Thrills and tragedy at motorsport’s greatest spectacle
Le Mans 24 hour race still has the strongest lure for racing fans
The Aston Martin Racing Vantage during qualifying. Photograph: Getty Images
The winners trophy
Mechanics work on Toyota TS 030-Hybrid number 8 and number 7 cars . Photograph: Reuters
The Audi R18 E-Tron Quattro just ahead of the Toyota TS030 Hybrid cars.
Cars pass the main grandstand straight during as night descends.
Karun Chandhok of India and Murphy Prototypes drives in for a pitstop. Photograph: Getty Images
Next morning mechanics work on Audi R18 E-Tron Quattro. Photograph: Reuters
The Audi R18 E-Tron Quattro wins the race for a record ninth time. Photograph: Reuters
Allan McNish, Dr Wolfgang Ullrich and Tom Kristensen of Denmark on the podium following the Audi Sport Team victory.
Danish racing driver Allan Simonsen who died while taking part in the 81st 24 Hours of Le Mans
Each year thousands of petrolheads travel from all corners of the globe to descend on the French village of Le Mans, for what is arguably the world’s greatest motorsport event.
The race weekend kicks off in earnest on the Friday evening with the driver’s parade, through the narrow streets of Le Mans. The town is lined by thousands of fans all cheering and hoping to catch one of the treasured race caps being thrown by the passing drivers. With 245,000 spectators attending this years Le Mans 24 Hours the atmosphere around the Circuit de la Sarthe was electric both day and night.
Le Mans is far more than an endurance race seeing manufacturers and privateers do battle on track, there’s a vast amphitheatre surrounding the circuit and paddock that forms an integral part of the ‘Le Mans experience’. From merchandise stalls and bars to kart racing there’s something for everyone to keep them entertained when taking a break from the relentless pace on track.
The vast majority of European fans drive to the race, many with race-livered decals adorning their cars. Take a stroll around one of the numerous campsites and the sportscar fan can gaze at the lines of supercars. Although each proudly wears their team colours with pride all the fans have a mutual respect for each other through their universal love for motor racing.
As the sun sets over the 13.6km circuit the Ferris wheel at the funfair lights up and music echoes from the live concert arena for the hardened spectators, who’ve no plans to take to their tents anytime soon. On track, dazzling lights emerge out of darkness echoed with the howls and barks from V8 Astons, Corvettes, Ferraris and a swarm of LMP prototype cars.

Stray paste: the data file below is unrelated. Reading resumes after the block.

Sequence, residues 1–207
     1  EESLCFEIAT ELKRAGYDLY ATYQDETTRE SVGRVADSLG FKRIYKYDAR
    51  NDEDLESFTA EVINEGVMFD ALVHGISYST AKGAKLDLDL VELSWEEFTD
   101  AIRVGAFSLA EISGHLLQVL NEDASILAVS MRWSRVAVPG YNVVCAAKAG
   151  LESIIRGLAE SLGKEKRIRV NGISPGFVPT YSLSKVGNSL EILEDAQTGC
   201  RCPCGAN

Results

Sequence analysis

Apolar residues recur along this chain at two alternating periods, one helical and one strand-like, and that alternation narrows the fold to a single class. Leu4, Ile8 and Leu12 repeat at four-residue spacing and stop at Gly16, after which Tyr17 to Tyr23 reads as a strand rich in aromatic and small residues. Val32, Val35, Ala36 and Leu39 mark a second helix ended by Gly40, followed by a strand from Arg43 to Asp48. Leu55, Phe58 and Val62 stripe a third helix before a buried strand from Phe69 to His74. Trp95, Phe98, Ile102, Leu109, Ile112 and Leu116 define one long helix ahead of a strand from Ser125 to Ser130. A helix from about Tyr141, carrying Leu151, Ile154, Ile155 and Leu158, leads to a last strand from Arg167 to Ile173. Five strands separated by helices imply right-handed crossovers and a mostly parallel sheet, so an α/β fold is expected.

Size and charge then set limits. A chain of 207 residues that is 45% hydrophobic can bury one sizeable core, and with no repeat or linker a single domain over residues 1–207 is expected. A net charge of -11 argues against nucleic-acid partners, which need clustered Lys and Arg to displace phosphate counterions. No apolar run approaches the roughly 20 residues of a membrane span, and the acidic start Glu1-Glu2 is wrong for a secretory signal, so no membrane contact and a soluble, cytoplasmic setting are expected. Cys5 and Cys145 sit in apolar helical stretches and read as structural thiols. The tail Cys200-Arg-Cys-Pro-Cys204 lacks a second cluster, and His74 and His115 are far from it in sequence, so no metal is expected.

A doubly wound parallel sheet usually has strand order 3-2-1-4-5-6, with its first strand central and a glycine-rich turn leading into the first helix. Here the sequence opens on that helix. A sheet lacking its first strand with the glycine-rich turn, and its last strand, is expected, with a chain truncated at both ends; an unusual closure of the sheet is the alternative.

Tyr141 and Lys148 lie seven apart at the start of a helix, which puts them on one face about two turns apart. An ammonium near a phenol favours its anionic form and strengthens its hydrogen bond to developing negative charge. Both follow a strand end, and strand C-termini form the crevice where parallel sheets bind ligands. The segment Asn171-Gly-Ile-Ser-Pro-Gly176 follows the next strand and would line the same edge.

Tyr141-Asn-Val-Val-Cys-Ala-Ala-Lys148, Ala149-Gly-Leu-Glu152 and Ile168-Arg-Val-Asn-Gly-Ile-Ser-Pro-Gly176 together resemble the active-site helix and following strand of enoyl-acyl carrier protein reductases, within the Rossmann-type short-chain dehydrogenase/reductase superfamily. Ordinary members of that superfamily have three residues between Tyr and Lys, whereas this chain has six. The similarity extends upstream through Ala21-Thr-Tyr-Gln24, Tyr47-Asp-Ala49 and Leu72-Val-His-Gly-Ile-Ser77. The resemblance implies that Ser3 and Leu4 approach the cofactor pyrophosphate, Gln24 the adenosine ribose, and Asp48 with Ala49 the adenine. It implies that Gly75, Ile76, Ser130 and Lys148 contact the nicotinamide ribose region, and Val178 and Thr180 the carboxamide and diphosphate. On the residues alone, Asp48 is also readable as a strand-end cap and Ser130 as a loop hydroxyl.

The blisteringly-fast Audi R18 e-tron’s express a unique hiss from their V6 diesel hybrid power trains. Spectators line the Porsche Curves to witness the mind-blowing cornering speeds. Another favourite viewing spot is at the end of the Mulsanne straight where fans gaze in awe as the car’s brake discs glow bright red under intense braking from speeds topping 300 km/h (200 mph).
This year’s race was a race of strategy due to the constant changing weather conditions that saw numerous downpours causing multiple spins and lengthy safety car periods. The team’s mechanics weren’t afforded any breaks continuously changing from dry slick tyres to grooved wets in a battle to gain grip and track advantage. This was echoed after the race by Dr. Wolfgang Ullrich (Head of Audi Motorsport) “For 24 hours straight, our drivers had to cope with changeable weather and adjust to new conditions over and over in a very short period of time.”
Although Audi were the overall race winners ahead of Toyota, Irish eyes were smiling in Co Cork, with Irishman Matt Griffin continuing his impressive performances, finishing in a credible 3rd place in the GTE Am category driving a Ferrari 458 Italia for the AF Corse team. The Irish-run LMP2 outfit of Murphy Prototypes had an early setback when the car had electrically trouble just minutes into the race. Having dropped back to 32nd overall they battled hard to complete the 24 hours finishing 13th overall and seventh in class.
Tragically during last weekend’s race Danish driver Allan Simonsen (34) lost his life when his number 95 Aston Martin Vantage crashed on the fourth lap of the race. This great loss to Allan Simonsen’s family and the whole motorsport community was expressed by Loíc Duval one of the drivers on the winning Audi Sport Team, “Le Mans is a great race that evokes so many emotions and is so tiring. Now I’ve really got to restrain myself to keep from shedding tears. It was a difficult race in which we unfortunately lost someone.”
This year’s race marked the 90th anniversary of the pinnacle of endurance racing. It wasn’t just Le Mans that was marking an historic occasion as Dunlop celebrated their 125th birthday. They’ve a strong Irish connection too with John Boyd Dunlop opening the world’s first pneumatic tyre factory in Dublin’s Stephens Street in 1888.
If you’ve got petrol flowing through your veins with a passion for motorsport, then the Le Mans 24 Hours is an event that merits your attendance.